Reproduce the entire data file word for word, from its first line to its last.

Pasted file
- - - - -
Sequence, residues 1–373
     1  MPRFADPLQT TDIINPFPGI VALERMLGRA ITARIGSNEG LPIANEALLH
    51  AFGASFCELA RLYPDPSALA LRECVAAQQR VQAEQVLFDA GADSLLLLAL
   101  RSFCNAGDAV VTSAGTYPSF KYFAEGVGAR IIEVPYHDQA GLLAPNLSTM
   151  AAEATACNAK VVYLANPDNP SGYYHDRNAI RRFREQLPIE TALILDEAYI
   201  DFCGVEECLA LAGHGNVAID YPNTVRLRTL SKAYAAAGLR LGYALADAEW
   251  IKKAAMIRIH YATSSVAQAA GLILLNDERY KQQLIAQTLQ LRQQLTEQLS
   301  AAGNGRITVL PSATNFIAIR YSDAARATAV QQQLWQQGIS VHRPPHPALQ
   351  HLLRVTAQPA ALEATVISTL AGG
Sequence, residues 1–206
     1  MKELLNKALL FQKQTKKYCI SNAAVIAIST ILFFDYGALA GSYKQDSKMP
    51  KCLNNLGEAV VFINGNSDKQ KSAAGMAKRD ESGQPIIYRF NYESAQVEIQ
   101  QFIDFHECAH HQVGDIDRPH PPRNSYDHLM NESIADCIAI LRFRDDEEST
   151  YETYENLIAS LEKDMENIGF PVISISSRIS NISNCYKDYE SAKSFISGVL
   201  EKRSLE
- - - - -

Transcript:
Sequence, residues 1–373
     1  MPRFADPLQT TDIINPFPGI VALERMLGRA ITARIGSNEG LPIANEALLH
    51  AFGASFCELA RLYPDPSALA LRECVAAQQR VQAEQVLFDA GADSLLLLAL
   101  RSFCNAGDAV VTSAGTYPSF KYFAEGVGAR IIEVPYHDQA GLLAPNLSTM
   151  AAEATACNAK VVYLANPDNP SGYYHDRNAI RRFREQLPIE TALILDEAYI
   201  DFCGVEECLA LAGHGNVAID YPNTVRLRTL SKAYAAAGLR LGYALADAEW
   251  IKKAAMIRIH YATSSVAQAA GLILLNDERY KQQLIAQTLQ LRQQLTEQLS
   301  AAGNGRITVL PSATNFIAIR YSDAARATAV QQQLWQQGIS VHRPPHPALQ
   351  HLLRVTAQPA ALEATVISTL AGG
Sequence, residues 1–206
     1  MKELLNKALL FQKQTKKYCI SNAAVIAIST ILFFDYGALA GSYKQDSKMP
    51  KCLNNLGEAV VFINGNSDKQ KSAAGMAKRD ESGQPIIYRF NYESAQVEIQ
   101  QFIDFHECAH HQVGDIDRPH PPRNSYDHLM NESIADCIAI LRFRDDEEST
   151  YETYENLIAS LEKDMENIGF PVISISSRIS NISNCYKDYE SAKSFISGVL
   201  EKRSLE